Yeah, exactly and that’s a great point, Stephan, and one that I forgot to mention in that, if you wanted to take these pages out of the index, robots.txt is not the way to do it. Basically, what you have to do is noindex them first using the robots meta tag, noindex, follow noindex, nofollow. noindex follow obviously keeps passing link equity through those links, even if the page has noindex. I normally tell my client to use noindex follow and then we basically monitor indexation of that section of the site. You have a separate search console profile setup for that specific section of the site, monitor how many pages are indexed, and when that’s gotten down to a reasonable level—it doesn’t have to be zero—if we go from a million index to 20,000 index, something like that, then it’s like, “Okay, that’s good enough. Let’s take care of this now.” Then we’ll block in robots.txt.

Also, I think this is important distinction here to note is that when you have a noindex follow meta tag, that theoretically should drop the page out of Google’s index and it should continue to pass link equity through the links that are contained on that page, even though that page isn’t going to show up in the search results. However, Google has said that they treat a noindex follow over the long term as a noindex nofollow. Have you seen that?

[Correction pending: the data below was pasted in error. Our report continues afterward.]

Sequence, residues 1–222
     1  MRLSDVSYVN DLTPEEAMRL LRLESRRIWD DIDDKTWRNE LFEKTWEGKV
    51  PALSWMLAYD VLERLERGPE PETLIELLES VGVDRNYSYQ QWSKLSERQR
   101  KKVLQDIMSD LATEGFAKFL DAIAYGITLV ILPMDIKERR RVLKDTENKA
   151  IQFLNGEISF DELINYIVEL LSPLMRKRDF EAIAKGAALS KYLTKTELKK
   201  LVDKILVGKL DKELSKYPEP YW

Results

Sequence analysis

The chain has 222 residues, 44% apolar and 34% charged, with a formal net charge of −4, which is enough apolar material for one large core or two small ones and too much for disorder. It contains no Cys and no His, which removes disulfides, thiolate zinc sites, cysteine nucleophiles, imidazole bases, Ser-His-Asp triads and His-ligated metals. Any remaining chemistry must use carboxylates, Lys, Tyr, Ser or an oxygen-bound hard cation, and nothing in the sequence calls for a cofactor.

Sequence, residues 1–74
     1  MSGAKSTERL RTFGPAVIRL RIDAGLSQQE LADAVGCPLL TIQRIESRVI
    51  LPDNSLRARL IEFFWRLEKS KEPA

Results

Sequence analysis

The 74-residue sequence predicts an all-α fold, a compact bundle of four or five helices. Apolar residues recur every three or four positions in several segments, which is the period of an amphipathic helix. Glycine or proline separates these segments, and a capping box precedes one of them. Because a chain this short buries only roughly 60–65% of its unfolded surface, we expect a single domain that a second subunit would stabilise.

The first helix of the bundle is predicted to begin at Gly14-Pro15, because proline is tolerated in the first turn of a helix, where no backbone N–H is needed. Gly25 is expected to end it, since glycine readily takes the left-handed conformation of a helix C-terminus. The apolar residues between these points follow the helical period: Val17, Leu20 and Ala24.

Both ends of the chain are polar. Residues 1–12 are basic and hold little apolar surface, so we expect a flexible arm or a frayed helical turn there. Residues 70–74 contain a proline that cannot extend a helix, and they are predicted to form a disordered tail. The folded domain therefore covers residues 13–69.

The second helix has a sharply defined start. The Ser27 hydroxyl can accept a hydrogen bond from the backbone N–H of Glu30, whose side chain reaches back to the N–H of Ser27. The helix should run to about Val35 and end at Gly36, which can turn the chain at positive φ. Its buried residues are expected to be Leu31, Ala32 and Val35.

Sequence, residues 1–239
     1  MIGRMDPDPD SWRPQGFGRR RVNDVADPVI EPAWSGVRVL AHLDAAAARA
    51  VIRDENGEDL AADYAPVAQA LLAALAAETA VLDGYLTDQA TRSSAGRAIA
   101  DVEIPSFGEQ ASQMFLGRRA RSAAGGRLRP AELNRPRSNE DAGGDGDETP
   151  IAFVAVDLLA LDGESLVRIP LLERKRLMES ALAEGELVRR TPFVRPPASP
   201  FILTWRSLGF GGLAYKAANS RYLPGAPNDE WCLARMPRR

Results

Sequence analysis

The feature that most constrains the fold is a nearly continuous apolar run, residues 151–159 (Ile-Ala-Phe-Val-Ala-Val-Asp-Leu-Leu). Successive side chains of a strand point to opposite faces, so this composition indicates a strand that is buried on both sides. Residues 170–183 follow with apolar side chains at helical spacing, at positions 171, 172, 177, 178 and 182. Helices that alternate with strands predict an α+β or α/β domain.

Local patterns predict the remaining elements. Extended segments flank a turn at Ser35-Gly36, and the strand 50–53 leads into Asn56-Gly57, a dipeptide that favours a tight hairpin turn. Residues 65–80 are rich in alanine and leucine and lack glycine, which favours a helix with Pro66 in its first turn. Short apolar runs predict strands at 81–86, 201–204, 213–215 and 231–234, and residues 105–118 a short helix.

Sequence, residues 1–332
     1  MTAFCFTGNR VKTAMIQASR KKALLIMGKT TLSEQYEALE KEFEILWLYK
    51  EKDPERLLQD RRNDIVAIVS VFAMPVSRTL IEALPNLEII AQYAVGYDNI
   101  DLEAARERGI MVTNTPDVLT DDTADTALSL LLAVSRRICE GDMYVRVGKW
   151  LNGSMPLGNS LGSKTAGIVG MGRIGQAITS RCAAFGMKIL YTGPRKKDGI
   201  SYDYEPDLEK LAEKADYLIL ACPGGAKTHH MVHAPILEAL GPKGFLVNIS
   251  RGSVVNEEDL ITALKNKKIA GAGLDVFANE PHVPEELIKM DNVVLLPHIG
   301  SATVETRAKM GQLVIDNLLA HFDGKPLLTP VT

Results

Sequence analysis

Yup. I’ve heard that before. I’ll be honest. I’ve never really looked for it myself because I don’t want to leave noindex follow in place super long term because it’s usually not the right fix for what I’m trying to accomplish on my client. I haven’t seen that. It’s kind of similar to 302 redirects where 302 redirect, temporary redirect, and the search engine say and we’ve also seen through a lot of testing in the search engines, that it doesn’t pass link equity. If you have 10 links pointing to one page and no links pointing to another page, you 302 redirect one with 10 links to the one with no links. Those 10 links don’t count towards that link equity, does not count towards the new page’s ranking. I’ve also seen where if those 302 redirects were left in place long enough, I’m talking 12, 24 months, sometimes even longer, then they’ll start reading them, treating them as permanent redirects and Google says that the link equity will be passed. I prefer to take my own results into my own hands and do the proper redirect but it seems like the search engines had tried to put this in place but once again, it takes 12, 24 plus months, and I don’t have 12-24 months to wait for these links to count them.